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“Tell them: wherever the banners of independents are hoisted, there you will find fighters for women’s rights and women’s protection”

Luise Zietz was a leader of the socialist women’s movement in Germany during the first two centuries. She was the first women that officially joined the party executive of the Social Democratic Party of Germany (SPD) in 1908, when German women for the first time in German history were allowed to officially join political parties. She presented the female members of the SPD in the party executive in a time when the German social democratic women’s movement became the largest working class women’s movement worldwide.

Luise Zietz was born on March 25, 1865 in the Holstein village of Bargteheide, near Hamburg, Germany. Raised in a poor weaver family, Luise spun and delivered wool at the age of nine. As the eldest of six siblings, she had to work hard in order to financially assist her family. After attending elementary school, she first earned her living as a domestic servant, and then became a worker first in a tobacco factory and afterwards coffee processing factory. She saved money to finance the training as a kindergarten teacher. In 1890, she married the Hamburg dock worker Carl Zietz. Both joined the trade union and the SPD in 1892. Her husband and she became both very active in the social democratic labor movement of the harbor city Hamburg.

Although Zietz did not receive much school education, she enjoyed reading during her spare time and gradually acquired a rhetoric for expression of her political beliefs as it pertains to women’s rights. For the first time she made her voice heard during a long strike of the dock workers in Hamburg in 1896. She tried to motivate the wives of the workers to support the strike. From 1898 to 1904 Zietz was the leader of the local trade unions organization of the unskilled workers in Hamburg.

The SPD was the first political party in Europe that officially supported universal suffrage for both men and women since the late nineteenth century. Because of political laws that prohibited women to become members of political parties the social democratic women formed in 1892 their own women’s organization, which fought for both: social justice and gender equality. The SPD women’s organization gave women a safe space to discuss their situation and the inequalities and challenges that they faced as a woman in society during this time.

Luise Zietz rose steadily in the party hierarchy of the SPD. Her activism, her powerful voice and her eloquent language led to her election in 1908 as the first woman to be hold a position on the executive committee of the SPD. As a feminist and socialist, she focused on getting more women interested in socialism. She supported universal suffrage for both men and women, as well as the emancipation of children in poverty.  Together with Clara Zetkin, Luise Zietz suggested the International Women’s Day to the Second Socialist International In Copenhagen, as a days for the struggle for women’s rights.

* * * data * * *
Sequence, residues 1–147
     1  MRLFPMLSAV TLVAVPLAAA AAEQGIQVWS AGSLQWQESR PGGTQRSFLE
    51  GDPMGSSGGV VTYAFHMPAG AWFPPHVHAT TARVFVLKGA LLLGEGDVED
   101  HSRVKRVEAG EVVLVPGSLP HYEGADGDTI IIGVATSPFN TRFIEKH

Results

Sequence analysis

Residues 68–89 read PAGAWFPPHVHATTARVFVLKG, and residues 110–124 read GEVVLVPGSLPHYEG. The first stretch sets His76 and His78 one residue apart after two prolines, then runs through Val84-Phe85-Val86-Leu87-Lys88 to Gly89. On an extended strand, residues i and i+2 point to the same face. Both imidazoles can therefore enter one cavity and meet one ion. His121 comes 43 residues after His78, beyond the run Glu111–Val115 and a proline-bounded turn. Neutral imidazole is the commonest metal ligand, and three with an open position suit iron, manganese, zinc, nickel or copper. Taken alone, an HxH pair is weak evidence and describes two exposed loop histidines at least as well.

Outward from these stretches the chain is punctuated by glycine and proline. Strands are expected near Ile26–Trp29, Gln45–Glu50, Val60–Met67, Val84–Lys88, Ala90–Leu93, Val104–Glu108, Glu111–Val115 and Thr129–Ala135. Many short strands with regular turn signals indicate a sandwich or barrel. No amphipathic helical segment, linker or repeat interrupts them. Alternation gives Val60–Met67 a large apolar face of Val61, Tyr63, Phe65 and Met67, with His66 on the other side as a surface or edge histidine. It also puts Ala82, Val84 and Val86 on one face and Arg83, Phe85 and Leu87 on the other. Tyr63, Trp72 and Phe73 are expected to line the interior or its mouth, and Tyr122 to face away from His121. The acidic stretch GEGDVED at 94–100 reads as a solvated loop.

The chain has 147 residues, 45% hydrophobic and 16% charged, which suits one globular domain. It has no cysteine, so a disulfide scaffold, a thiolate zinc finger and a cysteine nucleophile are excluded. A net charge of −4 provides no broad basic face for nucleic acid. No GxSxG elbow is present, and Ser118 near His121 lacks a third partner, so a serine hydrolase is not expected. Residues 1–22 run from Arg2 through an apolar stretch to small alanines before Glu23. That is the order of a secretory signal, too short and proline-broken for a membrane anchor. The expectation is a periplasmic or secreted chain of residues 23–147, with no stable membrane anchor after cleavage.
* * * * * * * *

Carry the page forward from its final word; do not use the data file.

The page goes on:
From 1912-1916, Luise Zietz served as the secretary of the SPD executive committee. During World War, she encouraged SPD women to provide community social services such as child welfare and care for the sick and women in childbed and join the National Women’s Front, initiated by the bourgeois women’s organizations for the war support. But her opposition against the First World War and the support of the majority of the SPD leadership of the war grew. In April 1917 Zietz joined the newly founded Independent Social Democratic Party (USPD), which had separated from the SPD. The USPD gave the socialist opposition against World War I in Germany a voice.

After the Novemberrevolution 1918, when the Weimar Republic was founded, women in Germany finally got the right to vote. Luise Zietz was elected for the USPD into the National Assembly, the first parliament of the Weimar Republic, in January 19, 1919. Together with her 41 women from different parties she worked for women’s interest in the first democratic elected parliament of Germany parliament. She diligently pushed for a politics that supported working women’s interests and women’s equality

Luise Zietz died on January 27, 1922. Although she is no longer alive, her legacy will be remembered and commemorated. Today, International Women’s day is annually celebrated on March 8th. It focuses on the women’s right movement as well as celebrates the social, political, economic, and cultural achievements of women all around the world. International Women’s Day advocates gender equality and calls for action to accelerate gender parity. The hard work and diligence of Luise Zietz continues as women all over the world fight for equality.

Leeza Mason, Biology Major, Chemistry and History MinorsClass of 2019 


Literature and Websites

  • Biesinger, Joseph. “Historical Dictionary A-Z.” In Germany: A Reference Guide from the Renaissance to the Present, 755. New York: InfoBase, 2006.
  • Frevert, Ute, “Women Worker, Workers’ Wives and Social Democracy in Imperial Germany,” in Bernstein to Brandt: A Short History of German Social Democracy, ed. Roger Fletcher (London: Edward Arnold, 1987), 34-44.
  • Sowervine, Charles, “Socialism, Feminism, and the Socialist Women’s Movement from the French Revolution to World War II,” in Becoming Visible, ed. Bridenthal et al., 357-387.
  • Zietz, Luise, “The Revolution in Life and Morals.” In In Women and the Politics, 1880-1950, ed. Susan G. Bell,  and Karen M. Offen, eds. 296-98. Standford, CA: Stanford University Press, 1983.


Luise Zietz, 1910.
Party executive of the SPD in 1909, Luise Zietz top row on the left.
Luise Zietz (left) as an USPD member of the National Assembly of the Weimar Republic, 1919.